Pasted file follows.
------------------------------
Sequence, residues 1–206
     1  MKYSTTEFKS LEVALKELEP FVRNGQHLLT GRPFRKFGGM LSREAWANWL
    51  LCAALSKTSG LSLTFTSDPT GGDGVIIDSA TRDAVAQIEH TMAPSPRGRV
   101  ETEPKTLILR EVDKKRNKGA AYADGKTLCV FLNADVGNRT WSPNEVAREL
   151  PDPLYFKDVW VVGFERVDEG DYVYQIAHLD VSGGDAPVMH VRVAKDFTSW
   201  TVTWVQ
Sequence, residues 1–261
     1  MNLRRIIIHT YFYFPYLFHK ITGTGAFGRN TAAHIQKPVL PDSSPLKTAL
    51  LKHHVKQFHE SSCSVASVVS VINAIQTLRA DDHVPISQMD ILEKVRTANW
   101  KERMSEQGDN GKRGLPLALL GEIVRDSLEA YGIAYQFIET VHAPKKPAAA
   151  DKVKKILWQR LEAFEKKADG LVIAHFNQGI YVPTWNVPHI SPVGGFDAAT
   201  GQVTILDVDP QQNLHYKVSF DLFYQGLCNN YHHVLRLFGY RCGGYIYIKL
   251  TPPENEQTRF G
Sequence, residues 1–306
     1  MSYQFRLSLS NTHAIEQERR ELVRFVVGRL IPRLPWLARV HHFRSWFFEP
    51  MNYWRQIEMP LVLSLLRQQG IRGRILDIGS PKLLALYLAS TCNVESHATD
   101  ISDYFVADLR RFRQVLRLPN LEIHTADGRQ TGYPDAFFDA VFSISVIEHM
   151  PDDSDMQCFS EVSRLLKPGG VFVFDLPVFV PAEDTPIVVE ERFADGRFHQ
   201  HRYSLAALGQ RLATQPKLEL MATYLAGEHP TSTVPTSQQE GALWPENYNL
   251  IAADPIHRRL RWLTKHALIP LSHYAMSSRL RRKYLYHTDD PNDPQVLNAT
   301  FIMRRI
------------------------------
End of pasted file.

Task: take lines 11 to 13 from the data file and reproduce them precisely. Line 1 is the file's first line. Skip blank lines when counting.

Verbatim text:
   151  DKVKKILWQR LEAFEKKADG LVIAHFNQGI YVPTWNVPHI SPVGGFDAAT
   201  GQVTILDVDP QQNLHYKVSF DLFYQGLCNN YHHVLRLFGY RCGGYIYIKL
   251  TPPENEQTRF G